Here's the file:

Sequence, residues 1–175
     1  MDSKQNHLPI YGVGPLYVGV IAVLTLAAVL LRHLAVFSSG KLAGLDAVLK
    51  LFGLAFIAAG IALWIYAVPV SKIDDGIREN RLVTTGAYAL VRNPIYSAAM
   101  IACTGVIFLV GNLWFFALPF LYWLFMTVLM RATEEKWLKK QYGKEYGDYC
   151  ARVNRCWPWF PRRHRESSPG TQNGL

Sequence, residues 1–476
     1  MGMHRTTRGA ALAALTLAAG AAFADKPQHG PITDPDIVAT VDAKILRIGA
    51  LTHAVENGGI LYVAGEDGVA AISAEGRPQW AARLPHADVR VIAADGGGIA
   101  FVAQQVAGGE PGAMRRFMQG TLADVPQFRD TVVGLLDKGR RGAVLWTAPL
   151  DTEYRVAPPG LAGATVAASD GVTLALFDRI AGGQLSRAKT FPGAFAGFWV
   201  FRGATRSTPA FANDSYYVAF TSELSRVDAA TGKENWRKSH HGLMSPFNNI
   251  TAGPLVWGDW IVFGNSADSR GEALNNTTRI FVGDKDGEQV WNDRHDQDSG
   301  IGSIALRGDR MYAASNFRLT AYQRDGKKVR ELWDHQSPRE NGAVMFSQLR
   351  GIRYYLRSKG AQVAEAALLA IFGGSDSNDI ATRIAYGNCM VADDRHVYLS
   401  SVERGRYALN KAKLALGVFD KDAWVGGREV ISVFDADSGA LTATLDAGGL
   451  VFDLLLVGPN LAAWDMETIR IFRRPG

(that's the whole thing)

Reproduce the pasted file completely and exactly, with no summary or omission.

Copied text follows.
Sequence, residues 1–175
     1  MDSKQNHLPI YGVGPLYVGV IAVLTLAAVL LRHLAVFSSG KLAGLDAVLK
    51  LFGLAFIAAG IALWIYAVPV SKIDDGIREN RLVTTGAYAL VRNPIYSAAM
   101  IACTGVIFLV GNLWFFALPF LYWLFMTVLM RATEEKWLKK QYGKEYGDYC
   151  ARVNRCWPWF PRRHRESSPG TQNGL

Sequence, residues 1–476
     1  MGMHRTTRGA ALAALTLAAG AAFADKPQHG PITDPDIVAT VDAKILRIGA
    51  LTHAVENGGI LYVAGEDGVA AISAEGRPQW AARLPHADVR VIAADGGGIA
   101  FVAQQVAGGE PGAMRRFMQG TLADVPQFRD TVVGLLDKGR RGAVLWTAPL
   151  DTEYRVAPPG LAGATVAASD GVTLALFDRI AGGQLSRAKT FPGAFAGFWV
   201  FRGATRSTPA FANDSYYVAF TSELSRVDAA TGKENWRKSH HGLMSPFNNI
   251  TAGPLVWGDW IVFGNSADSR GEALNNTTRI FVGDKDGEQV WNDRHDQDSG
   301  IGSIALRGDR MYAASNFRLT AYQRDGKKVR ELWDHQSPRE NGAVMFSQLR
   351  GIRYYLRSKG AQVAEAALLA IFGGSDSNDI ATRIAYGNCM VADDRHVYLS
   401  SVERGRYALN KAKLALGVFD KDAWVGGREV ISVFDADSGA LTATLDAGGL
   451  VFDLLLVGPN LAAWDMETIR IFRRPG